Most of us are yet to take note that spiritual pride is more heinous than material pride and stumbling in the way of salvation. Religious hierarchy is consumed in spiritual pride, which God detests and judges. St Paul taught, ‘you do not preach what you cannot practice.’ In other words, practice what you preach, 1C 9:27. “It is better to allow our lives to speak for us than our words. God did not bear the cross only two thousand years ago. He bears it today, and he dies and is resurrected from day to day. It would be a poor comfort to the world if it had to depend on a historical God who died two thousand years ago. Do not, then, preach the God of history, but show him as he lives today through you.” Mahatma Gandhi.
4. Calling Rabbi and Father:
Do not be called Rabbi for you have only one teacher who is Christ, v8. You do not call anyone on earth father for you have only one father who is in heaven, v9. Some new-found-theologians and mushroom groups who call themselves pastors and church are very fond of these verses. They profusely twist, misinterpret and quote these verses to establish that clergies should not be honored as father or teacher. They are comfortable with ‘achen’ but not Rev. Father! We call priests fathers because they baptize and regeneration takes place in baptism.
Firstly, these verses do not oppose honoring those who deserve respect. In Aramaic (Syriac) language, vernacular of our Lord, there are distinct words for father. “Abo” is base form to mean father. Its derivative, “Abohe” denotes biological father, in the worldly sense. “Abohotho” is another derivation to mean spiritual father, bishop, abbot, etc. in the ecclesiastical sense, Syriac Dictionary by Paine Smith. Elisha called Elijah father, 2K 2:12. The rich man cried out in the hell, “Father Abraham, have mercy on me,” Luke 16:24. Abraham called him ‘son,’ v25. St Paul claimed spiritual father-ship of Corinthians, 1Cor 4:15, Col 3:21.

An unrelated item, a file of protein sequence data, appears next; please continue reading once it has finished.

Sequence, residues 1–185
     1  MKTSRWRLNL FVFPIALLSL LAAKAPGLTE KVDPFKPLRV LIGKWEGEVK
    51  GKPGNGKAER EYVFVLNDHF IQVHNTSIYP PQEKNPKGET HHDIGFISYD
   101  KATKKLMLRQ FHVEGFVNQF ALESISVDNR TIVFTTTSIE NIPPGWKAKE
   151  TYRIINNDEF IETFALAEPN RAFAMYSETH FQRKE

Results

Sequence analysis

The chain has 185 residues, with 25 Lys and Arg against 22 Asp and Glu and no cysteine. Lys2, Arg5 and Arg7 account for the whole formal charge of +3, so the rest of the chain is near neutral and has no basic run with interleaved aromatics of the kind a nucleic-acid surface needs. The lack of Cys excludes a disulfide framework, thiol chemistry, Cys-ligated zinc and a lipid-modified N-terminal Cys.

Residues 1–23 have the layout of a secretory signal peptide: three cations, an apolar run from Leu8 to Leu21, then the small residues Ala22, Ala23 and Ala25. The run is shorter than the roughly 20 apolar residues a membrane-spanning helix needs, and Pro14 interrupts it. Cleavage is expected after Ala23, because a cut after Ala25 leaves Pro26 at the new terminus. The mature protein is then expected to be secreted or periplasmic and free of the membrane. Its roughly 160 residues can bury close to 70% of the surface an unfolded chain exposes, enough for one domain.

5. Rabbi literally means, ‘my great one.’
It became a technical name for teacher at the time of Jesus. Thus the teachers had an elevated feeling for themselves. Jesus is pointing to the sting of their inner pride. So was the case with the word, father. Rabbis interpreted that biological father gives life in the physical sense but the teacher gives eternal life and so they deserve more respect. Jesus called Nicodemus, teacher of Israel, John 3:10. Church in Antioch called Barnabas, Simeon, Lucius, Manaen and Saul as teacher, Acts 13:1. Christ appointed teachers in the Church, Eph 4:11. Christ appointed Paul a teacher, 2Tim 1:11.
Self-absorbed Pharisees and scribes, devoid of humility, expected highest honor from others and exalted themselves above God. They were happy only with adjectives prefixed to their names, “Abba or Rabbi.” What Jesus condemned was not the title itself but the presumptuous claims the titles implied, says Dummelow. Jesus cautioned the followers that they should not think themselves equal to God or Jesus. Discipleship demands subjection to Lord.
However, looking at the present spiteful scenario in Christendom, one would doubt if the present hierarchy is in any way different from the Rabbis of Jesus’ time. For example, we address the Patriarch, “His holiness, Moran Mor Ignatius.” Does this not remind us Pharisees? ‘Moran’ means Lord (Lord-God). Are these titles biblically appropriate to address human beings? I think not. The loathsome Pharisees and scribes were better off than most of us!
“Blessed is he who humbles himself in all things, for he will be exalted in all. For a man who for God’s sake humbles himself, and thinks meanly of himself, is glorified by God. The man who hungers and thirsts for God's sake, God will make him drunk with His good things. And he who goes naked for God's sake is clad by Him in a robe of incorruption and glory. And he who becomes poor for His sake is consoled with His true riches,” St. Isaac the Syrian.
“Avoid arrogance, quarrel and pride while dealing in Church matters; instead, let your humility shine before others. Those who place their trust in God, and satisfy the people are blessed,” Parumala thirumeni. We extol Parumala thirumeni but do not heed to his admonition.
Bible honors David not for his might as king but for his humility to acknowledge, repent and confess his sins before prophet Nathan and walk righteously thereafter before the awesome majesty of God. Cardinal message of today’s gospel is, being righteous and humble before God and men, is Christian virtue, no matter how big the position, is.
Pride, Ego and Hypocrisy by Rev. Dr. V kurian Thomas Valiyaparambil
Humility and Exaltation by Rev. Dr. V Kurian Thomas Valiyaparambil
Sermons and Bible Commentaries for the 5th sunday after Sleebo